An Interview With Nomada, The Studio Behind GRIS

We have an exciting new interview this week from Nomada Studios, the creators of GRIS. A few weeks ago, I got to interview Berlinist, the musicians behind GRIS, and this week is Nomada’s turn. Read on for the interview!


How did GRIS get started? How did you meet Conrad Roset?

We met at a common friend’s party. We clicked almost instantly and soon jumped into the creation of GRIS.

How long did it take to make everything in GRIS? How long does it normally take in a video game?

The huge differences in project scale and team size means that the development times vary wildly; some can take days or even several years. Most commercial videogames take at the very least several months. GRIS has been in development for about three years.

The effort gone into the game is clear to see.

What advice would you give for people who are interested in game development?

First, find something you like inside the industry, because there are a lot of different roles. Then follow along those lines and try to find an internship in a company. Once you finish a game, it doesn’t matter if it’s not professionally made, don’t be afraid and try to get into any company in the world.

What software are you most comfortable using and why?

For me I’d say I prefer Unity, is the one I have more experience and therefore I feel more comfortable working in it. Most big companies use their own engines, but in the end they are a lot like Unity or Unreal.

What, according to you, was the coolest moment in GRIS?

I think, barring the ending, the moment that works most for me is the aftermath of Gris crossing the Sandstorm, when she enters the temple and encounters several columns with engraved statues of a crying woman.

It truly is a beautiful scene.

What is the best way to learn game design? How did you go about it?

I can’t say it enough times: create a game, from beginning to end. Formal education is important, but nothing beats first-person experience!

What challenges did you face as a burgeoning studio? What challenges did you face with GRIS as your first game?

It was especially difficult to compromise in terms of art; our vision was one of a game that felt as one cohesive illustration. Asset repetition is inevitable, but we didn’t want that to kill the organic feel of GRIS. In the end, we believe that we achieved a really good balance between performance and aesthetics.

What do you think is the most important aspect of a game?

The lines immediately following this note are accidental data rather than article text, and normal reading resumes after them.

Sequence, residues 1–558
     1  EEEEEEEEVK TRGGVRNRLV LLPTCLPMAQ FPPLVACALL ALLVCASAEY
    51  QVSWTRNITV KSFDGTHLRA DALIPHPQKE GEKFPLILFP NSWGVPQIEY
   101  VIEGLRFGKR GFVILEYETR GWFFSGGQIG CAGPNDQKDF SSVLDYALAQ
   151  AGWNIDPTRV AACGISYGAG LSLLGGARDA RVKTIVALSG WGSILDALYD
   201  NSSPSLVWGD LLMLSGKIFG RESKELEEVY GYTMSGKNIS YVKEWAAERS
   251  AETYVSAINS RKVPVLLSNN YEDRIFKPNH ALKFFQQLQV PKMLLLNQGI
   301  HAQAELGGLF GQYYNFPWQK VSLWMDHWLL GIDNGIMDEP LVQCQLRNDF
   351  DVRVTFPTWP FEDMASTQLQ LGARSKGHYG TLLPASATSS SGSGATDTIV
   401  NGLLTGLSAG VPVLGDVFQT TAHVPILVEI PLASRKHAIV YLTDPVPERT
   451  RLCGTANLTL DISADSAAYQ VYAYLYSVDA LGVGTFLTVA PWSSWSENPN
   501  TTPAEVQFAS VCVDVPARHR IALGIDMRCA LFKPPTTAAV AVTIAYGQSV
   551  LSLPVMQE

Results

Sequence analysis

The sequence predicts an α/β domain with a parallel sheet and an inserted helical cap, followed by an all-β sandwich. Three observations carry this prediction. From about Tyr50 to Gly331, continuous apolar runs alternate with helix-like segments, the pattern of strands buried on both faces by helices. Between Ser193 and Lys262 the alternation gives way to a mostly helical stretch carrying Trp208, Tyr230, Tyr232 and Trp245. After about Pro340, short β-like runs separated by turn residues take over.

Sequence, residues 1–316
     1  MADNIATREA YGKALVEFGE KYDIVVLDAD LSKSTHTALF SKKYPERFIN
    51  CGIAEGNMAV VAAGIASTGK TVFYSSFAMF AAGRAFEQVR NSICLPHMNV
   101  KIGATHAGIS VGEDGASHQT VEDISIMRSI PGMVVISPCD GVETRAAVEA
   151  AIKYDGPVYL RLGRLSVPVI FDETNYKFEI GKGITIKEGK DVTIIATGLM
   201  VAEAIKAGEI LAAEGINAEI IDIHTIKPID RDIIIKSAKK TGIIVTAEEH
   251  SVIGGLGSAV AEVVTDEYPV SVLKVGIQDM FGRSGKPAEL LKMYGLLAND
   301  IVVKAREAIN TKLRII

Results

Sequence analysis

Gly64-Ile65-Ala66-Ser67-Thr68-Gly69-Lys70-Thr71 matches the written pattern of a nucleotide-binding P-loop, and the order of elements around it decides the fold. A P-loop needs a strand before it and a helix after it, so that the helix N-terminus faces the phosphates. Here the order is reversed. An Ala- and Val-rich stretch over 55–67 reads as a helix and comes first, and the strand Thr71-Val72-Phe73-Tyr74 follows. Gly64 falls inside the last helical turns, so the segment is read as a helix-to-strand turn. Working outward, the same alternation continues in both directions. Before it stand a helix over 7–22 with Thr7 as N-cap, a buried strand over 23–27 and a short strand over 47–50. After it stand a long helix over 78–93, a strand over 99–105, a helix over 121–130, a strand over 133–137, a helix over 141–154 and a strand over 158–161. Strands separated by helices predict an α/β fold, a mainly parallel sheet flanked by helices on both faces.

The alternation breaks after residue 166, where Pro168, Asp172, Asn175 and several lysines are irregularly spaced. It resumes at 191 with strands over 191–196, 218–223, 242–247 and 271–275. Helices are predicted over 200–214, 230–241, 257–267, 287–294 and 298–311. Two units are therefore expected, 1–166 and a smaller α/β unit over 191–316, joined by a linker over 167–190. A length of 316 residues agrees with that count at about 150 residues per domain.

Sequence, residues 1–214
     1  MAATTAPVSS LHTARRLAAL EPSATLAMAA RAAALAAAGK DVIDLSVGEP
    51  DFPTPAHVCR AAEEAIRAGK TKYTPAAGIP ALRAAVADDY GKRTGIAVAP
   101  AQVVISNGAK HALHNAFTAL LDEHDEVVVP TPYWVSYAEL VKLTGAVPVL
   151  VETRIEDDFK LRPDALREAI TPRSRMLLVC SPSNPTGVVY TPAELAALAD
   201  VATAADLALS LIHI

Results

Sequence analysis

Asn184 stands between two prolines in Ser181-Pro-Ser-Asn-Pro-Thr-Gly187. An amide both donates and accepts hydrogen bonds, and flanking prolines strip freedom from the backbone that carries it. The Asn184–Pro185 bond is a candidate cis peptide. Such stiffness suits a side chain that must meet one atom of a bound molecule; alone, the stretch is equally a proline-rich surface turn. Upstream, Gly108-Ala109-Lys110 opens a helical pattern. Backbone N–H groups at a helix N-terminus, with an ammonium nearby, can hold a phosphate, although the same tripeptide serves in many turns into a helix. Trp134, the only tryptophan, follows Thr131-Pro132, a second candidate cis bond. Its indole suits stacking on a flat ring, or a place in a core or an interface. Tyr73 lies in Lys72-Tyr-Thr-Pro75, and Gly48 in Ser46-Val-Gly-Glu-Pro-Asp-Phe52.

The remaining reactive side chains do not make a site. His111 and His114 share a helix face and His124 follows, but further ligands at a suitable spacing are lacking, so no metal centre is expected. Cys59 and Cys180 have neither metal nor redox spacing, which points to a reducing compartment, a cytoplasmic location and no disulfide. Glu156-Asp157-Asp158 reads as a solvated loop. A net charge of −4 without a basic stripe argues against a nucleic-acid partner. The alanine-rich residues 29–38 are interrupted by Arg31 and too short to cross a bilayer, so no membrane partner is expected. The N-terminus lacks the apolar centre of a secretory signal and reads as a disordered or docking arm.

That depends a lot on the kind of game one is trying to make. Usually, the key is to try and strike that balance between the one aspect that you are prioritizing and others, without sacrificing some things in order to create the experience you are after.

How do you feel about the reception that GRIS has had?

We are amazed! We didn’t expect the great reception we are getting! It’s overwhelming, but everyone at the studio is positively delighted!

How long have you been in the video game industry? What, and how much, would you say has changed since then?

For about 9 years. Many changes are human: our work is more widely recognised, there’s more women working in the industry and there’s been a good movement against abusive work schedules. Besides that, there’s been a huge indie explosion.

Out of all the games that you could have made, why did you decide to go with GRIS?

GRIS’ concept felt really interesting to us. Besides, we were really into creating something smaller and closer; something more personal to us.

How different was GRIS when it first started out?

Not too much, the core idea was clear and the game evolved from the basic idea.

What is something really cool in GRIS that no one seems to have noticed?

The great variety of animations for Gris. It’s something that you don’t usually see in other games. Another cool thing is the great effort that went into not repeating assets.

How did you figure out the best way to approach GRIS?

Both Roger and I had a few years of experience, which really helped plan and set a course, so to speak. There were a few unexpected incidents, but we managed to handle most pretty smoothly.

What was the hardest part to figure out in GRIS? What would be the hardest thing to design in a game?

Implement things like the lack of death and still maintain a sense of urgency or challenge when the moment called for it.

How well did everyone get along?

Extremely well! The work environment felt chill and focused, and we get on really well at a personal level! Except when we were playing Mario Kart.

What do you think is the advantage of working in an indie game studio rather than a AAA studio?

You have a more personal involvement in the project you are working for.

What do you enjoy most about Barcelona?

The food, the people, and the weather.

What would you recommend to a first-timer in Barcelona?

The nightlife is great, a thing that one must experience. Also, if you go sightseeing, walk. It’s much more enjoyable!

As someone who’s put so much effort into making the game, can you actually enjoy playing the game? How does it feel?

I do, actually. It is a shame that I can’t experience it from a know-nothing basis, but I can still feel many things that we intended to transmit.

What are your plans for 2019?

I want to travel around a bit, take a well deserved rest and plan for our next projects!

What kind of game would you like to make next?

We have some ideas. But no spoilers! 😉

So there you have it, folks! You can check out GRIS, available on Steam, my interview with Berlinist, and my thoughts on GRIS. To see more of their work, check out Nomada’s website and follow them on Twitter, too!

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